Your Ever Changing Brain
For much of the last century it was the accepted scientific view that the brain did not change beyond the critical learning period of seven years. It was thought that the central nervous system (brain and spinal cord) were hard-wired nerve connections that were immutable, and if injured, could not heal.
This thinking changed in the 1990s thanks to neuroscientists such as Michael Merzenich who showed with research that the brain could in fact change, that it can and does grow new nerve connections in response to certain sensory stimulation from the environment.
From these discoveries the term Neuroplasticity was coined. This essentially means: Neuro = Nerve and Plastic = changeable.
The Stress Response
It’s important to know that not all plastic changes are healing or good for you.
In the 1950s Hans Seyle became famous for his work looking at how humans responded to stress – the so-called flight/fight response. Historically if we came across a threat (say a sabre tooth tiger!), the brain would send nerve messages to the adrenal glands to release adrenalin. As a result the following changes occur in the body:
- The flow of blood is diverted away from digestive organs into the major skeletal muscles
- Blood pressure rises
- Sugars are released from the liver into the blood stream
In Australia, chronic diseases like irritable bowel syndrome (IBS), hypertension and diabetes are common and many researchers believe these conditions are in part linked to the stress response.
Problems also occur when we are exposed to extreme stress, or more commonly, to repetitive low-level stress. When this occurs, the nerve pathways for the stress become better at initiating the flight or fight response’¦the brain becomes plastic for stress.
Now, with stress receptors pre-primed and ready to go, it only takes a minor event to activate a large stress response. Like the sleep-deprived parent who flies off the handle when their child spills some milk! This is an example of negative neuroplasticity.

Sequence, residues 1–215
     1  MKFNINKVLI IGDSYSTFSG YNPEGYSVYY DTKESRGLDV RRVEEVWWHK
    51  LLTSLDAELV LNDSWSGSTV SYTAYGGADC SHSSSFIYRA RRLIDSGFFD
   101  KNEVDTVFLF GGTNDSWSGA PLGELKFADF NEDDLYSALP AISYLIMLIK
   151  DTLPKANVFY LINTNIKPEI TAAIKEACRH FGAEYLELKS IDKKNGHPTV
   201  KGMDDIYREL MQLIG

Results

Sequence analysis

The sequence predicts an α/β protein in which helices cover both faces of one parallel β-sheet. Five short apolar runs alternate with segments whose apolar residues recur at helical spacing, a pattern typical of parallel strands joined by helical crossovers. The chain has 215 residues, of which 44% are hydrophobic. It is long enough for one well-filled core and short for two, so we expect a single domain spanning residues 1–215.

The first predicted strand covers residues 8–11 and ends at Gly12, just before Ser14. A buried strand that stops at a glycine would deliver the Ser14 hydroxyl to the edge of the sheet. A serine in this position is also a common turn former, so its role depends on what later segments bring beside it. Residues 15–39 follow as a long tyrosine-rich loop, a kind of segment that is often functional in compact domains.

Making your mind matter
Almost all movement is good movement, but the best movement is the type that brings you into an upright postural position, working against the force of gravity. This utilizes the extensors muscle (those at the back of the spine), taking you out of the typical sedentary hunched position. Activating these muscles is very good for the cortical (higher) areas of the brain.
2. Novel experiences
The brain loves now experiences and will respond by making new nerve connections. Try and do something new or different every day. Drive a different way home from work, brush your teeth with your opposite hand, or try a new recipe. Avoid the mundane. Don’t worry about being frustrated’¦.this is just the brain working out new ways of doing things.
3. Stop chasing Happiness. Start pursuing Fulfillment.
We can never be happy all the time, nor should we be. An enriched and full life is all about experiencing and learning from all emotions’¦.even the negative ones. Seek to have a socially and spiritually rich life. Learn from your negative experiences, but don’t become attached to them. Without judgment or prejudice, let them go.